Using a design that was both minimal and universal, Ito positioned this house as a platform on which owners could freely design the interior based on their needs. It sounds like the MUJI house, which also applies minimalist design. But even though it has minimal features, this house retains unique aesthetics. Minimal and plain is not the same. Functionality, which was highly rated – if not overrated – in modern residential house design, could be replaced by emphasized symbolism, where architects could let unexplored beauty emerge by eliminating unnecessary elements.
The House in Sakatayamatsuke also applies minimalist design, but it has an interesting theme: what if a symmetry is disrupted? Its front has a sharp minimalist expression because of the steep roofs, the proportion of the roofs/walls, and its metallic finish. Large windows and doors are placed at the center, emphasizing the symmetric aesthetics. But then, there is a small window to the left hand side for a bathroom. It’s small but powerful enough to disrupt the entire balance. The same thing happens in the interior: a large built-in shelf sticks out to add subtle disorder in the space.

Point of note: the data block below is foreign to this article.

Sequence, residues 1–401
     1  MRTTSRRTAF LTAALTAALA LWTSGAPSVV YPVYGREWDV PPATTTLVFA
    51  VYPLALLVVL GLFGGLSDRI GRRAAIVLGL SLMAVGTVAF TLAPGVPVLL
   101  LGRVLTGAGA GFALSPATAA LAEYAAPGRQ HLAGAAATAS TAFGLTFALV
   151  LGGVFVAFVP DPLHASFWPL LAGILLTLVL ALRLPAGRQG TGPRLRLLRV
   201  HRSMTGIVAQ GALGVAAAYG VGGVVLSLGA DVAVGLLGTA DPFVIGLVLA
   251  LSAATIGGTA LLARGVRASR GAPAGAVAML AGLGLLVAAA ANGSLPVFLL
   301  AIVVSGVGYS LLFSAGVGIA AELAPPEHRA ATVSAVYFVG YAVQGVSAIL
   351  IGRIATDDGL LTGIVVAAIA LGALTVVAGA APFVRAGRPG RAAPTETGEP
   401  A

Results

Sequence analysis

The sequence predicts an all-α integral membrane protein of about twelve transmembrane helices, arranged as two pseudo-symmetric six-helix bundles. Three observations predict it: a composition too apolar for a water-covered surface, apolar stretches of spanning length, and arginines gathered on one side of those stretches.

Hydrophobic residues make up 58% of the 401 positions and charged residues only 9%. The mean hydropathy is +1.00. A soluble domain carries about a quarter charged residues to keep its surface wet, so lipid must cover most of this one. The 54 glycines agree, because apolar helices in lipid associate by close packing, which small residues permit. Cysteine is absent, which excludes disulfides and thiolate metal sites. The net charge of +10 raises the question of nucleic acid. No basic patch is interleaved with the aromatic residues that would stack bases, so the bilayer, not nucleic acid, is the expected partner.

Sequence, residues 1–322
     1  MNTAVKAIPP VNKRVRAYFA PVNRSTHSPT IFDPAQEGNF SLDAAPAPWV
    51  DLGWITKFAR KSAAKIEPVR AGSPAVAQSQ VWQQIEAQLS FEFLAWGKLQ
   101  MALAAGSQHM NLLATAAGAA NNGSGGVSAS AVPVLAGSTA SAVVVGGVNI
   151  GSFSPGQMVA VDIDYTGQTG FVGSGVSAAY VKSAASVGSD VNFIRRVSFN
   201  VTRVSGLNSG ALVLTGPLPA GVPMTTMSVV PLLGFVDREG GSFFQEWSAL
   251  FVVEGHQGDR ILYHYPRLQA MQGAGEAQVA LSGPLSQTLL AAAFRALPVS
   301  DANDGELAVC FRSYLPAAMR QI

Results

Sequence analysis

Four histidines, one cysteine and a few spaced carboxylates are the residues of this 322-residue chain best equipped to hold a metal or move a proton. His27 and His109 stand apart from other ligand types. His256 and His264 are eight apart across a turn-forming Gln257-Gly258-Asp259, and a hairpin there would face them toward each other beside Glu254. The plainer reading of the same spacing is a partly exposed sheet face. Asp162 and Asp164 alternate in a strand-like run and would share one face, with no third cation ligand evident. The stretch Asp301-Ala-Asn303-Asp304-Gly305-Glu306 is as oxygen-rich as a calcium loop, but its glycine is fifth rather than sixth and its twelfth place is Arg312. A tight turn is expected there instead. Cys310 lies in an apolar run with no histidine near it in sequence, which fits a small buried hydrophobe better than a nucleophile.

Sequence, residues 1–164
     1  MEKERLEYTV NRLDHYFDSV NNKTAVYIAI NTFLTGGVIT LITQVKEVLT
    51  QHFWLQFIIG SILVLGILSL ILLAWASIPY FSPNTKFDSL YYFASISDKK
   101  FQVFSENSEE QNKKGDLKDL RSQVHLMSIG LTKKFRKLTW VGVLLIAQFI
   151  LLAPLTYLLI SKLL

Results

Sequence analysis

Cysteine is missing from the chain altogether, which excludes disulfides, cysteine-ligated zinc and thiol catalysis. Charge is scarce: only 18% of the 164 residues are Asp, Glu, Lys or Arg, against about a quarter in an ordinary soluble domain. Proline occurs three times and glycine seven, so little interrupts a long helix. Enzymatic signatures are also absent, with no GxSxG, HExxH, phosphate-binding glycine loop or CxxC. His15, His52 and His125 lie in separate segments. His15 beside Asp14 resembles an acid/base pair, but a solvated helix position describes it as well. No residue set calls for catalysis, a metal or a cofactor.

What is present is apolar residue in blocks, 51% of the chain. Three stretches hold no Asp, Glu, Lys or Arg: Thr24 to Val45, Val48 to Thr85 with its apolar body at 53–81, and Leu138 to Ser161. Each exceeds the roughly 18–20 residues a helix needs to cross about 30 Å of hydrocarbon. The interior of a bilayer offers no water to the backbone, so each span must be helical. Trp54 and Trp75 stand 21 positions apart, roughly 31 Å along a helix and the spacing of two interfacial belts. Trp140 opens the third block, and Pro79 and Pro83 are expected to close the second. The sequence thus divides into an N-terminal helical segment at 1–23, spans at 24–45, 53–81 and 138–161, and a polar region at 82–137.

Symmetry makes things look orderly and clean. But our life is not always orderly – it’s actually pretty chaotic. And if we think about it, architecture is a series of reconciliations of opposing elements and expectations. Gravity wants everything to be stuck on the ground, but we want to go high. Natural elements are almost never linear, but we want to make our architecture linear. The House in Sakatayamatsuke is an answer from Sakamoto on how we can reconcile those opposing elements.
House in Soshigaya (1981) and House in Hanakoganei (1983)
The 80’s in Japan was a very weird time. After about three decades of struggle to recover from the devastation caused by the WWII, Japan suddenly found itself to be the world largest economy.
In the 80’s, it seems that both Sakamoto and Ito tried to deprive meanings, even from the minimalist symbolism they pursued in the late 70’s. They disassembled architectural elements into fragments and aggregated them in an unexpected way. Their passion could also have been driven by the social mood, in which money was everywhere and people were emboldened to experiment with extreme ideas.